Saskatchewan doctor agrees to no longer practice medicine following opioid charges
A Kamsack, Sask., doctor who was charged with unprofessional conduct related to prescribing opioids has agreed to no longer practice medicine.
Dr. Murray Davies was charged by the College of Physicians and Surgeons of Saskatchewan (CPSS) in March 2018.
On July 17, 2019, Davies signed an undertaking with the CPSS. The undertaking is not an admission of guilt, but Davies agreed to give up his licence to practice medicine and never practice again in Saskatchewan or anywhere else in the world.
The CPSS agreed not to proceed further with their investigation or charges in exchange for Davies complying with the terms of his undertaking.
This case would have gone to a contested hearing if the undertaking wasn’t signed, a process CPSS legal counsel Bryan Salte said would have been expensive.
“We were gathering expert evidence to lead a hearing. It was only after we were able to reach an understanding with Dr. Davies’ legal counsel that he would undertake, that he would not practice medicine, we decided we would accept that,” Salte said.
In their initial charges, the CPSS presented 20 pieces of evidence to back up the prescription charge. These included continuing to prescribe opioids after being advised patients had received prescriptions in the same drug classification from another prescriber, and prescribing Prescription Review Program Medications (PRP) to patients without an appropriate assessment for substance abuse disorder.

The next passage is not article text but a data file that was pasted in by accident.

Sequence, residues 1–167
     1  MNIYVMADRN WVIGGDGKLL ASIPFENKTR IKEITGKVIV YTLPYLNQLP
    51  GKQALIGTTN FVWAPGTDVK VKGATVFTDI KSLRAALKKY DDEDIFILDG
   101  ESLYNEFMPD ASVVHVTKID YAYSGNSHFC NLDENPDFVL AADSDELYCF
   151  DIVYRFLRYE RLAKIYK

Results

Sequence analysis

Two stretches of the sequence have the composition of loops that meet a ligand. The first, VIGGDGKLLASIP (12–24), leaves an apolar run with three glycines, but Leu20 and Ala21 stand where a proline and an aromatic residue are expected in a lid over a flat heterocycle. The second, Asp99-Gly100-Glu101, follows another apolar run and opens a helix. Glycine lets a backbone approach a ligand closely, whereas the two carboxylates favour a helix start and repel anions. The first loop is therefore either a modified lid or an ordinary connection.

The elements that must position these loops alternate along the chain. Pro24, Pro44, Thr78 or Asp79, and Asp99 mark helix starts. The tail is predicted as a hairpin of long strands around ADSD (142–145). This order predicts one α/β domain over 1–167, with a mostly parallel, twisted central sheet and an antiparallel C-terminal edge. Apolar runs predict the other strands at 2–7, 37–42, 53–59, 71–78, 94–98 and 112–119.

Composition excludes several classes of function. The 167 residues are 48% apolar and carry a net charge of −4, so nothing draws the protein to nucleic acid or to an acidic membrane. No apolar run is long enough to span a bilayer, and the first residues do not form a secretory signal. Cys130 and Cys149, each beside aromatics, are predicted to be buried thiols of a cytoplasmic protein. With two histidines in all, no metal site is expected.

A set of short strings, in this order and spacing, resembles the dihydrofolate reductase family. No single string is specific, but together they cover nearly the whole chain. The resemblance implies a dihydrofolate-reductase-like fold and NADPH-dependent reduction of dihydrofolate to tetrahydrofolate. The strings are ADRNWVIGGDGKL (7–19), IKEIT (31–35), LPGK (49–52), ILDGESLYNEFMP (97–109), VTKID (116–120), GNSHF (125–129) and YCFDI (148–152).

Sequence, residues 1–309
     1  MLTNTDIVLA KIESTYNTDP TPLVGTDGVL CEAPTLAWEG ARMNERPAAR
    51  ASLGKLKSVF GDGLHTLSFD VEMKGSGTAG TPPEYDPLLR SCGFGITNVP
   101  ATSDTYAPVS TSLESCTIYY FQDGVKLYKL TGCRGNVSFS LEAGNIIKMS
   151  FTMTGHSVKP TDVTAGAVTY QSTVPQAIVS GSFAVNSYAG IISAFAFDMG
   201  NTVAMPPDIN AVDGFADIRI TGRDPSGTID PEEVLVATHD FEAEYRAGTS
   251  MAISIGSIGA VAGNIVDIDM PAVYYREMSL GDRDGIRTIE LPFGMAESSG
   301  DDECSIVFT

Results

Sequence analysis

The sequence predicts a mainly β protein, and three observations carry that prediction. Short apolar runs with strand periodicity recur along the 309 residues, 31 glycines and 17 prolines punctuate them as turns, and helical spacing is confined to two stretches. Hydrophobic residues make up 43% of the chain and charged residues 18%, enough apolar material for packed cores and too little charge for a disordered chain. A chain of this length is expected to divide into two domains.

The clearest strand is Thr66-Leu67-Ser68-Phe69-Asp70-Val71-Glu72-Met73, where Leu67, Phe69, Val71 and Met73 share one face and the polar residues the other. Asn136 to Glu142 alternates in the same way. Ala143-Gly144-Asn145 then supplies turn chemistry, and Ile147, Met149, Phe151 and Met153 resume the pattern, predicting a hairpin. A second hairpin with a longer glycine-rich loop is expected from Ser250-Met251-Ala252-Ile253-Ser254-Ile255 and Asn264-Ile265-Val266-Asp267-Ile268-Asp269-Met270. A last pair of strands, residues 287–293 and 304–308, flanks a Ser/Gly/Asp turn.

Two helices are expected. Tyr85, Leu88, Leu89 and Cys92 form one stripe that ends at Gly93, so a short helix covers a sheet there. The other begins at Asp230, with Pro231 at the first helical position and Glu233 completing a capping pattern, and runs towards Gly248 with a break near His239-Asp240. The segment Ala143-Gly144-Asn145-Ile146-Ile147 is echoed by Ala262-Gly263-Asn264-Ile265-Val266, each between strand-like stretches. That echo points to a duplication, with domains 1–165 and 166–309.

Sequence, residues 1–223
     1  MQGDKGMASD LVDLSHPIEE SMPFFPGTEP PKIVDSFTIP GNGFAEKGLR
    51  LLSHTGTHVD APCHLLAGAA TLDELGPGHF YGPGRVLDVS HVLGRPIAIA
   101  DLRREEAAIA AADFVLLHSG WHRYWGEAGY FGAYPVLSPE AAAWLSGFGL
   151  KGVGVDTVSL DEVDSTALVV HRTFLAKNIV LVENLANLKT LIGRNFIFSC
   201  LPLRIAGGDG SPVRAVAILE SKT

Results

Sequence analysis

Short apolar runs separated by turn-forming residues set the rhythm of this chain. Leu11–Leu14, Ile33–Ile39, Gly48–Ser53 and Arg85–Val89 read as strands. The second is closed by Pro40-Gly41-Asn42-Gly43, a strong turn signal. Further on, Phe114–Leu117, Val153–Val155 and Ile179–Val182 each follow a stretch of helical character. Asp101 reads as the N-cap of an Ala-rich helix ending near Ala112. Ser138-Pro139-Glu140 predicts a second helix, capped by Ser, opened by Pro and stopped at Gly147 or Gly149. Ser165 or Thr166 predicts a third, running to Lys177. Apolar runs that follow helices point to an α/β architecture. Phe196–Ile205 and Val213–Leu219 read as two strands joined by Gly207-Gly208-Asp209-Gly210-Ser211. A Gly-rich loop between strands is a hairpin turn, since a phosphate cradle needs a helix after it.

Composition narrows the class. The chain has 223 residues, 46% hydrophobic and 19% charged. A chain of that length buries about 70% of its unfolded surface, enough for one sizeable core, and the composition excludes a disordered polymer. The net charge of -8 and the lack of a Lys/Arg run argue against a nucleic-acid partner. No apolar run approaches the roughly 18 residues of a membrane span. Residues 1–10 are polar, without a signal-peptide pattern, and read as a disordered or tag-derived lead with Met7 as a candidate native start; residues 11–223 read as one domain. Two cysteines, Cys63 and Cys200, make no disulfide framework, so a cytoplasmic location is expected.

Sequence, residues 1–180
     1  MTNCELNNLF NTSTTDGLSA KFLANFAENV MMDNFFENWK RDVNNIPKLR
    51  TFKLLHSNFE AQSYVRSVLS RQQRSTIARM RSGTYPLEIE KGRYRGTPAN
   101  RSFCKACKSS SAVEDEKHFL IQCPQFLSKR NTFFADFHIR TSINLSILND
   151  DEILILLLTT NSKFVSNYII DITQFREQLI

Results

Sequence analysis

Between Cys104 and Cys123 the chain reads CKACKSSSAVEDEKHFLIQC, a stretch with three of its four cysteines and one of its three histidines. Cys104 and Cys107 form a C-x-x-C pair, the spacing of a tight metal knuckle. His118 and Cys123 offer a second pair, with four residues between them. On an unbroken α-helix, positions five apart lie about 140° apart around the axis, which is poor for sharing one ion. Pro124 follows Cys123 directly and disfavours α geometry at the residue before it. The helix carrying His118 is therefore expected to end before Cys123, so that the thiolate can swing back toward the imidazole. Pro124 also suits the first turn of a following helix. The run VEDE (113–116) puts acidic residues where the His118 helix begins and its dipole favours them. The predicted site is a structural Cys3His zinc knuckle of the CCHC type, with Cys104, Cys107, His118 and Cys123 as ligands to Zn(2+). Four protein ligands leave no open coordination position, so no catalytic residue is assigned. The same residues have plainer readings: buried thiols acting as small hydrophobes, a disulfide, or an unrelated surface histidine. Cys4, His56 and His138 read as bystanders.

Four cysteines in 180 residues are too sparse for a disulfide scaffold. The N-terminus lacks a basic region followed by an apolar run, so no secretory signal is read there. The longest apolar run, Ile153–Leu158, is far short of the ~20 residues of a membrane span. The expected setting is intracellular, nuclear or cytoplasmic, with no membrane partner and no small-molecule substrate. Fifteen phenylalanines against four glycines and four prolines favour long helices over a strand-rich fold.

“Seldom do we actually get to the point of charging someone with unprofessional conduct,” Salte said.
The CPSS has typically used the PRP to track the prescription of opioids and other potentially abused drugs.
“We’re about to have better technology to be able to review the information and try to identify issues that are of greater concern,” Salte added.
“Primarily, though, that program functions on an educational basis. Primarily, what it will do is provide feedback to physicians and suggestions for change. It’s only in a rare circumstance that it results in a charge of unprofessional conduct.
“That’s sort of a last resort to try and deal with concerns that aren’t addressed in some other way.”
If Davies were to practice medicine again, it could result in charges of breach of an undertaking, practicing medicine without a licence and reactivate the college charges.
Addictions are an issue in Kamsack and the surrounding area — not just opioids, but crystal meth and cocaine too, according to New Beginnings Outreach manager Wanda Cote.
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In an interview with Global News in April 2018, Cote said the outcome of the Davies’ case would do little to change the reality of substance issues in the community.
“It’s too little too late,” Cote said at the time. “Now we’re left with the aftermath of cleaning up and [rebuilding] people’s lives here in the community.”
She pointed to issues with Davies first being raised in 2012 and 2013. She said at the time, provincial health officials took little action.
Following a 2013 Aboriginal People’s Television Network investigation in allegations around Davies’ practice, Health Canada removed his ability to prescribe methadone in 2014.
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